the magnitude of the internal member forces is determined so that the computer
results can be checked.

Glass House, New Caanan, 1949, Philip Johnson

Crown Hall, IIT, Chicago, 1956, Mies van der Rohe

Berlin Stock Exchange,


Berlin, Germany, 1999,
Nick Grimshaw

San Diego Library, 1970, William L. Pereira

Waterloo Terminal, London, 1993, Nicholas Grimshaw +


Anthony Hunt

Stadelhofen Railway Station, Zurich, 1990, Santiago Calatrava, cross section

10'

3'
3.5'

Dresdner Bank, Verwaltungszentrum, Leipzig, 1997, Engel und Zimmermann Arch

Theater Erfurt, 2003, Germany, Joerg Friedrich Arch, glass house

Ningbo downtown, 2002,


Qingyun Ma

Dokumenta Urbana, Kassel, 1984, Otto Seidle

Residential complex, Berlin, Herman


Herzberger, 1997

L = 20"

L = 20"

L = 20"

H = 3(10) = 30"

a.
b.

LATERAL STABILITY OF BUILDINGS

3 Sp @ 20' = 60'
7 Sp @ 25 ft = 175 ft

15 Sp @ 12' = 180'

2(180)/3 = 120'

180/2 = 90'

Beijing Jian Wai SOHO, Beijing, 2004, Riken Yamamoto

SPACE FRAMES

Cologne/Bonn Airport,
Germany, 2000, Helmut Jahn
Arch., Ove Arup USA Struct.
Eng.

1k
e
15'
z
y

15'
1k

y
x

15'
d

x
20'

15'
y

Stansted Airport, London, UK, 1991, Foster/Arup

Cologne/Bonn Airport, Germany, 2000, Helmut Jahn Arch., Ove Arup USA Struct. Eng.

SURFACE STRUCTURES

MEMBRANES
BEAMS
BEARING WALLS and SHEAR WALLS

FOLDED SURFACES
RIBBED VAULTING
LINEAR and RADIAL ADDITIONS
parallel, triangular, and tapered folds
CURVILINEAR FOLDS

SHELLS: solid shells, grid shells


CYLINDRICAL SHELLS
THIN SHELL DOMES
HYPERBOLIC PARABOLOIDS

TENSILE MEMBRANE STUCTURES


Pneumatic structures
Air-supported structures
Air-inflated structures (i.e. air members)
Hybrid air structures

Anticlastic prestressed membrane structures


Edge-supported saddle roofs
Mast-supported conical saddle roofs
Arch-supported saddle roofs

Hybrid tensile surface structures (possibly including tensegrity)

4'

1 K/ft

40'

a.

b.

c.

Pu= 500 k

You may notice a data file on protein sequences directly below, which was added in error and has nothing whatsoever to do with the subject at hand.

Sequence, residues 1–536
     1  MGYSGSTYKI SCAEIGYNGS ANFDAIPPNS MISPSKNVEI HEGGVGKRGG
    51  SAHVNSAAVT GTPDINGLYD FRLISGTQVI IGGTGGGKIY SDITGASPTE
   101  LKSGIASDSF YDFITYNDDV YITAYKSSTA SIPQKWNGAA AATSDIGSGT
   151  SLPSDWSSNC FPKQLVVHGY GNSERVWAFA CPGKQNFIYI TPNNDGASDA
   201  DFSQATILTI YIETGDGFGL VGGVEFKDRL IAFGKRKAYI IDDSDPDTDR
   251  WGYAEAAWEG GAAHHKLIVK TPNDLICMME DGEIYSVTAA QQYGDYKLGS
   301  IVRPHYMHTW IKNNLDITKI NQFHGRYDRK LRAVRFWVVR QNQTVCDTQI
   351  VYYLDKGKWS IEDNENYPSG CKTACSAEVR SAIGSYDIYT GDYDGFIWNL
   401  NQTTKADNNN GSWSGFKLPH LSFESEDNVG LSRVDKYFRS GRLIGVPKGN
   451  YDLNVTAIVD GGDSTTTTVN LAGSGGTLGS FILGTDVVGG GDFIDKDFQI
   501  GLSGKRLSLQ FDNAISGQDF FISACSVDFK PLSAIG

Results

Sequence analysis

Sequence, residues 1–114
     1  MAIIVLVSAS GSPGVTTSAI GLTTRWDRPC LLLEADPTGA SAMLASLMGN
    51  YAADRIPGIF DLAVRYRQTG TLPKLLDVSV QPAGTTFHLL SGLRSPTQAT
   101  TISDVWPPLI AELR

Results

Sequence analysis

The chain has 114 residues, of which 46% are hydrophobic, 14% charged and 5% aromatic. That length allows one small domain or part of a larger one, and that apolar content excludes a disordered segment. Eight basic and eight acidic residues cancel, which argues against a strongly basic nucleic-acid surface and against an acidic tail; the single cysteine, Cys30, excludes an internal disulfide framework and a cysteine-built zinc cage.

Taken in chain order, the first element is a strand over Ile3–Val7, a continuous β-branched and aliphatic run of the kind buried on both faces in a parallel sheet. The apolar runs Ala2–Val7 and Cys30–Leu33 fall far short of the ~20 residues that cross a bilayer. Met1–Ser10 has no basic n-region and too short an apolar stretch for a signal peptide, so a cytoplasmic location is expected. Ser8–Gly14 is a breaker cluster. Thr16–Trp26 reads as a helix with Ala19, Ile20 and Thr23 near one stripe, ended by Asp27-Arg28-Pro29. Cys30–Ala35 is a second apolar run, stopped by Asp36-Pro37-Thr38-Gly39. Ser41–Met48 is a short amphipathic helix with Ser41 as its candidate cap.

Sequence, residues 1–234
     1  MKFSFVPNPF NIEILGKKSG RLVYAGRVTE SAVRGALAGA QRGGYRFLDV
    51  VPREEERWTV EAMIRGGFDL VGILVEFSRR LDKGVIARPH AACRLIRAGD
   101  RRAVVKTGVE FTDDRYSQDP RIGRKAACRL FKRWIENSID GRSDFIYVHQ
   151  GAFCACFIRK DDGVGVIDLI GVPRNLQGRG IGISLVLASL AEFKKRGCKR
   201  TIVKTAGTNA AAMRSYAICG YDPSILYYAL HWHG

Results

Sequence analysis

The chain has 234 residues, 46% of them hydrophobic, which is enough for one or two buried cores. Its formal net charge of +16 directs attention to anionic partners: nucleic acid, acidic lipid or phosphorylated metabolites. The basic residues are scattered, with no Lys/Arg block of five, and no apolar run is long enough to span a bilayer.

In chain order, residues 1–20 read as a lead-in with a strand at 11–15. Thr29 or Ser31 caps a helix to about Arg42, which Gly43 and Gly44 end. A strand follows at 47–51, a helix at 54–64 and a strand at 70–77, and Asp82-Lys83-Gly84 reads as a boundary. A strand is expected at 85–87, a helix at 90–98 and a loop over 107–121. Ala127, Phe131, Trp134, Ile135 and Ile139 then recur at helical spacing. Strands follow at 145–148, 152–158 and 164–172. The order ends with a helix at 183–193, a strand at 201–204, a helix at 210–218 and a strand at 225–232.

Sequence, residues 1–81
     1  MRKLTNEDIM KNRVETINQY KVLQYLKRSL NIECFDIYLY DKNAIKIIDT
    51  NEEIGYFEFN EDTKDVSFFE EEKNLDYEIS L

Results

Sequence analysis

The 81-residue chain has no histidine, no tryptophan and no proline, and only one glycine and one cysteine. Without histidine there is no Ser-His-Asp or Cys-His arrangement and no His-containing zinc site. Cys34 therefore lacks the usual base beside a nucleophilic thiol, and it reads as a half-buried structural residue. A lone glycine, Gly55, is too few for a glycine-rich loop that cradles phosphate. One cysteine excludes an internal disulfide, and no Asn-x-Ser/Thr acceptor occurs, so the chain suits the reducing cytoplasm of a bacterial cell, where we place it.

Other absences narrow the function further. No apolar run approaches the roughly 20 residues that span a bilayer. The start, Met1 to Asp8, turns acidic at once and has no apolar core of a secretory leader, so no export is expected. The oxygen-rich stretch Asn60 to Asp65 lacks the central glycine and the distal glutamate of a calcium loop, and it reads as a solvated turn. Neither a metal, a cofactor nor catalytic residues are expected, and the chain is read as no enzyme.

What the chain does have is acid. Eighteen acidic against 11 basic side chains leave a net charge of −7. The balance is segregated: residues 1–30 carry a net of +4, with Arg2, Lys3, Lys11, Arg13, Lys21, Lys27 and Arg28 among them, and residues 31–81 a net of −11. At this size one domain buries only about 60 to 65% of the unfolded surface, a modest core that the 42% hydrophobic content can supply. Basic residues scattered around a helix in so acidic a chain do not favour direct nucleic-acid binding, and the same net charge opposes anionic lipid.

10'

Pu= 500 k
10'

a.

10'

strut: Hcu
z = 0.9h = 10.8'

12'

wh

Hcu

Du

wd

= 47.20

b.

tie: Htu

Mu

Htu
30'
R = 500 k

R = 500 k

Openings in Shear Walls - Planer

Shear Wall Behavior

Pier and Spandrel System

Frame Behavior

Shanghai Grand Theater, 1998, Jean-Marie Charpentier

Reichstag, Berlin, Germany,


1999, Norman Foster Arch.
Leonhardt & Andrae Struct.
Eng

a.

b.

c..

d.

DG Bank, Berlin,
Germany, 2001, Frank
Gehry; Schlaich,
Bergemann und Partners

TENSILE SURFACES

STRUCTURAL BEHAVIOR
Soft membranes must adjust their shape (because they are flexible) to the
loading so that they can respond in tension. The membrane surface must
have double curvature of anticlastic geometry to be stable. The basic
shape is defined mathematically as a hyperbolic paraboloid. In cable-nets
under gravity loads, the main (convex, suspended, lower load bearing)
cable is prevented from moving by the secondary (concave, arched, upper,
bracing, etc.) cable, which is prestressed and pulls the suspended layer
down, thus stabilizing it. Visualize the initial surface tension analogous to
the one caused by internal air pressure in pneumatic structures.

Arched, prestress
membrane force

wp
f

T1

T1
w

T2
Suspended, load-carrying
membrane force

T2

COMB1

COMB2

COMB3

THE

NEW GEOMETRY

Sendai Mediatheque, Sendai-shi, Japan, 2001, Toyo Ito + Mutsuro Sasaki

CCTV Headquarters and TVCC Building, Beijing, 2008, Rem Koolhaas and Ole Scheeren, Arup Eng.

Beijing National Stadium, 2008, Herzog and De Meuron Arch, Arup Eng.

National Swimming Center, Beijing, 2008, Arup Arch and Eng

Duesseldorf City Gate,


Duesseldorf, Germany, 1997,
H. Petzinka + Fink Arch

Seoul Broadcasting Center, Seoul, 2003, Richard Rogers Arch. And Buro Happold Struct. Eng

Samsung Samsung Jongro Tower, Seoul, 1999, Rafael Vinoly